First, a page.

Laird Harrison

October 24, 2016

SAN FRANCISCO — Infants should sleep in the same room, but not in the same bed, with their caregivers to reduce the risk for sudden infant death syndrome (SIDS), the American Academy of Pediatrics (AAP) is recommending in new guidelines released today.

And for the first time, the academy is recommending that mothers spend some time in skin-to-skin contact with newborns.

"It is recommended that infants sleep in the parents' room," said Fern R. Hauck, MD, MS, a coauthor of the first update to the AAP SIDS guidelines since 2011. "And if you bring your baby into bed for feeding or comforting, remove all soft objects."

Dr Hauck and colleagues presented the new guidelines here at the AAP 2016 National Convention and Exhibition, and they were published in the journal Pediatrics.

Approximately 3500 infants die every year from SIDS. The number dropped sharply when the "back to sleep" campaign raised public awareness of risk factors in the 1990s, but has leveled off since, according to the guideline.

The new SIDS guidelines do not contradict anything in the previous version. They still recommend putting infants to sleep on their backs. But the new guidelines provide some key nuances, said Dr Hauck, from the University of Virginia School of Medicine in Charlottesville.

One question that prompted the update was, "What can we recommend for parents who feed in the middle of the night?" coauthor Lori Feldman-Winter, MD, MPH, told Medscape Medical News.

Many mothers worry that they and their babies will fall asleep while breast-feeding, before the mother can put the baby on its back on its own sleep surface, she said.

For this reason, the guideline recommends that caregivers who think they might fall asleep feed the babies in a bed without blankets, pillows, or other soft objects in it. Upon waking, the caregiver should put the baby on its own sleep surface such as a crib, bassinet, or play yard.

The baby's sleeping surface should be free of soft objects including crib bumpers, according to the guidelines. This is because some babies have asphyxiated on bumpers while trying to climb from their cribs. And the slats of cribs are now designed to prevent babies from trapping their heads.

While previous guidelines suggested soft objects could be used after 4 months, the new guidelines extend the restriction to a year, said Dr Feldman-Winter, because about 10% of SIDS cases occur after the fourth month.

Armchairs and couches are particularly dangerous places to feed babies if caregivers are feeling sleepy, the guideline says.

At the press conference, Samuel Hanke, MD, from the Cincinnati Children's Hospital Medical Center in Ohio, recounted how he fell asleep with his infant son, Charlie, in 2010, while sitting on a couch watching television. "When I woke up, Charlie was gone," he said. He has devoted himself to spreading awareness of SIDS prevention ever since that day.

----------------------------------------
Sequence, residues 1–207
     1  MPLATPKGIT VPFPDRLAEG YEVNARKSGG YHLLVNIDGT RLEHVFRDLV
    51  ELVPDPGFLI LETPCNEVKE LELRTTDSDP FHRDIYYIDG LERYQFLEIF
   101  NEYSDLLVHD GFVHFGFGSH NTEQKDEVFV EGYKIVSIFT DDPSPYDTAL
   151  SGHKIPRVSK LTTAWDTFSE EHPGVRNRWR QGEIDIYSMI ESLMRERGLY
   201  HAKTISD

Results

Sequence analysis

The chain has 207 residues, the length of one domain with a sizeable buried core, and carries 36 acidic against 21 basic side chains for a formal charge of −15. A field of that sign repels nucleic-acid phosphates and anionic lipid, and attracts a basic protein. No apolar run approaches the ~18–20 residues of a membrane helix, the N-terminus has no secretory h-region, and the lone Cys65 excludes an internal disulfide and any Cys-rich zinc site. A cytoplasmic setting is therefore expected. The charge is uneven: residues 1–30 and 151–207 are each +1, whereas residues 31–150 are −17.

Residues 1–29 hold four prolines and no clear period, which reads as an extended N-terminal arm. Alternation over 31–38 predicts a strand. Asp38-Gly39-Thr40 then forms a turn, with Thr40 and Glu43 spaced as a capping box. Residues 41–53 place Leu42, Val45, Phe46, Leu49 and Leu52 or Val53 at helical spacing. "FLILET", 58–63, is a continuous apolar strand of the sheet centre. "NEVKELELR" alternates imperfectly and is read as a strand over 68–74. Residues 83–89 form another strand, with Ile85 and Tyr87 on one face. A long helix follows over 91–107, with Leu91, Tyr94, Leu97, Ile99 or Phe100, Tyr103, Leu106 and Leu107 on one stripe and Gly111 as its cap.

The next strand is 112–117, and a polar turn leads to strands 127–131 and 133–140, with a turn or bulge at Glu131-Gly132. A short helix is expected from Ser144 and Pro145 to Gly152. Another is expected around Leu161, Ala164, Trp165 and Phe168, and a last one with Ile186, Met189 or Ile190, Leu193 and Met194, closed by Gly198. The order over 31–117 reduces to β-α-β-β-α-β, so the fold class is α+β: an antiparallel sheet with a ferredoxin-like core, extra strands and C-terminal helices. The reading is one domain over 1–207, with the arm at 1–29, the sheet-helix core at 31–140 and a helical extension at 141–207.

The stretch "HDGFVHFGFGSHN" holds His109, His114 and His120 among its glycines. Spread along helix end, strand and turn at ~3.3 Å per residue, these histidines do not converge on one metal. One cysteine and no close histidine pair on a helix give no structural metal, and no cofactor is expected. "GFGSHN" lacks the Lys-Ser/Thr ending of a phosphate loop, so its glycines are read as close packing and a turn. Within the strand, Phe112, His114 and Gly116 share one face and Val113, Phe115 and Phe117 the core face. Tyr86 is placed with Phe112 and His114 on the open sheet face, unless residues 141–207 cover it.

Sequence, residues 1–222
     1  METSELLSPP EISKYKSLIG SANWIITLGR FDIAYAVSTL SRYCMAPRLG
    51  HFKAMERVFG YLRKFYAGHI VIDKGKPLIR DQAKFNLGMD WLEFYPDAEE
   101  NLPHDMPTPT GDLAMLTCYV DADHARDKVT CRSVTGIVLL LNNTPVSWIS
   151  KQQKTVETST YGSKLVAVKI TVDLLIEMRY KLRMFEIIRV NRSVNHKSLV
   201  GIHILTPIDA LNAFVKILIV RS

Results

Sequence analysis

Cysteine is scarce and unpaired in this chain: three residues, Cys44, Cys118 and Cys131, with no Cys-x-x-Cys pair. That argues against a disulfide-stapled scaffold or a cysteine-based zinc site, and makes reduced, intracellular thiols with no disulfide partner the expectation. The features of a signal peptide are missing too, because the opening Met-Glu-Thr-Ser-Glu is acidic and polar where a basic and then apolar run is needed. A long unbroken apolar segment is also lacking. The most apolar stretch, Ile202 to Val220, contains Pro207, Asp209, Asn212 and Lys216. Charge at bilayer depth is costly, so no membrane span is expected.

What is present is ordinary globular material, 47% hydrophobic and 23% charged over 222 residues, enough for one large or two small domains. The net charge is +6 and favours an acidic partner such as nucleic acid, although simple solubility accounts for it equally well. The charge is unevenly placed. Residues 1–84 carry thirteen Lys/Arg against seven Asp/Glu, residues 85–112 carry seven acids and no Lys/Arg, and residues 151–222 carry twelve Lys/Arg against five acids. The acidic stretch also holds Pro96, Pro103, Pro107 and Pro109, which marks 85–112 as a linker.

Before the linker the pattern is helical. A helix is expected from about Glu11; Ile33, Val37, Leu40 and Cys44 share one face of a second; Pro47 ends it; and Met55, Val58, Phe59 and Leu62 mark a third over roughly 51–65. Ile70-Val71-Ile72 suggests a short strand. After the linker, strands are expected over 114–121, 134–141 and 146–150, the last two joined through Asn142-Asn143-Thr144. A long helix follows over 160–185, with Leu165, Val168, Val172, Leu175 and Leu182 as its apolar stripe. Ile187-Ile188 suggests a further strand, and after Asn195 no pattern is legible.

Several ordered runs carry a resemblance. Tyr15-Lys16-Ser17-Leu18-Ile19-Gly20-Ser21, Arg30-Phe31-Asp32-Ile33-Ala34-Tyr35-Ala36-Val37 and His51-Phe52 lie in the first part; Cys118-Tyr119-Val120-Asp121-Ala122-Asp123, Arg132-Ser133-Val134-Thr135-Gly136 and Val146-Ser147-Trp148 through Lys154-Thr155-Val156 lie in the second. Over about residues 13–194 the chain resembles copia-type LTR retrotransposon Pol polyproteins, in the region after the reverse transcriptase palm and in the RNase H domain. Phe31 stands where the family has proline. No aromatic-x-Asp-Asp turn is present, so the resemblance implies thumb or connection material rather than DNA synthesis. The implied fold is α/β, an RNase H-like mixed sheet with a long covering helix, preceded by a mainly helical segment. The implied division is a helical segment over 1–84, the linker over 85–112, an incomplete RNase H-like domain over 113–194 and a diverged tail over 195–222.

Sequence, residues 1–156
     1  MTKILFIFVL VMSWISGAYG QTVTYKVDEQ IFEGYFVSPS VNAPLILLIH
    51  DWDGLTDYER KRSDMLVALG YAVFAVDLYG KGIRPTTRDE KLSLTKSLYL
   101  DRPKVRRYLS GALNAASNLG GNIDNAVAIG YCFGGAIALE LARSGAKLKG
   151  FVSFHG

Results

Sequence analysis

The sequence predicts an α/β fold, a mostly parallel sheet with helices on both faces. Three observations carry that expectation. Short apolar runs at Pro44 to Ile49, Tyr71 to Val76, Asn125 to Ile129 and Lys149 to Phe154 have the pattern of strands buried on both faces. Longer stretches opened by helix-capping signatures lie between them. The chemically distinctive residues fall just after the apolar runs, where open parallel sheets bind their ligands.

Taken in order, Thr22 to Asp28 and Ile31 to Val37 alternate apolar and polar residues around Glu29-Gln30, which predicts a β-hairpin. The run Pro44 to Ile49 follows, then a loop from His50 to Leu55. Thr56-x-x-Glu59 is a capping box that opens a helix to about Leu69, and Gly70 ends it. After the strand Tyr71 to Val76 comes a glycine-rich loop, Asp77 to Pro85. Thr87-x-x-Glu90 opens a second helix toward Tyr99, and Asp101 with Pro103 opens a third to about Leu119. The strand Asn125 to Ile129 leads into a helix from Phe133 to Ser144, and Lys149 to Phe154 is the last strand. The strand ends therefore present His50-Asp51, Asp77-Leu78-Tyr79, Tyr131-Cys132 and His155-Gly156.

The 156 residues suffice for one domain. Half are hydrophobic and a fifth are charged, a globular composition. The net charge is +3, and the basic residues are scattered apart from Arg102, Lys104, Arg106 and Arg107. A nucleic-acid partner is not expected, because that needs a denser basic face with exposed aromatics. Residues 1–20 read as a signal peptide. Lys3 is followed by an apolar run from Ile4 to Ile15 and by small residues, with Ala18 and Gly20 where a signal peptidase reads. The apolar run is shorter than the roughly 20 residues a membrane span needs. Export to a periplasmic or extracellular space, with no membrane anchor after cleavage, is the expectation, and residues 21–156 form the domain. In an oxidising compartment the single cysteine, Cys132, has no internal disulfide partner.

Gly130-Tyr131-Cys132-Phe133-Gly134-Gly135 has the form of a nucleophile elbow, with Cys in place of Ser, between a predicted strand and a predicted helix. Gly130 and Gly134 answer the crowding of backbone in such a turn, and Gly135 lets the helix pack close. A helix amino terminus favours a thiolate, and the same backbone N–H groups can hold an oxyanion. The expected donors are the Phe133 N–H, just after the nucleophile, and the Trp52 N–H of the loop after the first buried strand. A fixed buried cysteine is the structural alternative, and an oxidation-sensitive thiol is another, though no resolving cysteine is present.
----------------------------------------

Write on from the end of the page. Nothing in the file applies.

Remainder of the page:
The recommendation to spend time in skin-to-skin contact with infants stems from research showing that it can enhance children's neurological development, said Dr Feldman-Winter.

While it is particularly important in the first hour after the infant's birth, it may have benefits after that, she said. Skin contact with someone other than the mother can also be beneficial, she added. And skin contact may affect mothers' nerves as well as the infants', making mothers calmer and more patient, she said.

The committee noted that many new products are being promoted for the purpose of SIDS reduction. Such products remain unproven, they said. And the guidelines specifically recommend against home monitors, wedges, or positioners.

The committee did not make any recommendation with respect to sleeping surfaces that attach to the caregiver's bed.

Among the other recommendations:

  • Offer a pacifier at nap time and bedtime. Studies show these can reduce the risk for SIDS, although it's not clear why.

  • Give infants all recommended vaccinations.

  • Provide supervised, awake tummy time daily to facilitate development.

  • Remove infants from car seats, strollers, swings, infant carriers, and infant slings, if they fall asleep in them, to reduce the risk for gastroesophageal reflux and positional plagiocephaly.

The guidelines come with specific estimates of the increased risk for SIDS for the practices they recommend against. And they review the literature on the causes of SIDS. While the ultimate cause of the syndrome remains unknown, multiple factors appear to be involved.

National surveys have shown that many parents do not get messages from pediatricians about SIDS; only 54.5% had received a recommendation to place their infant supine for sleep, and 19.9% had received information about appropriate sleep location.

This sort of evidence-based review will provide a solid foundation for pediatricians to provide recommendations to the families of their patients, said Vincent J. Palusci, MD, MS, from the NYU Langone Medical Center in New York.

"If they were breast-feeding and they fell asleep, moms were feeling terrible," he said.

He said pediatricians can also play an important role in providing medical history information when an apparent SIDS death occurs. A small portion of these deaths turn out to involve abuse by caregivers, said Dr Palusci, who specializes in preventing abuse.

But he added that pediatricians' first goal in these cases should be to comfort parents and help them understand how to prevent such deaths in the future.

Dr Hauck, Dr Felman-Winter, Dr Hanke, and Dr Palusci have disclosed no relevant financial relationships.

American Academy of Pediatrics (AAP) 2016 National Conference and Exhibition. Presented October 24, 2016.

Pediatrics. Published online October 2016. Full text

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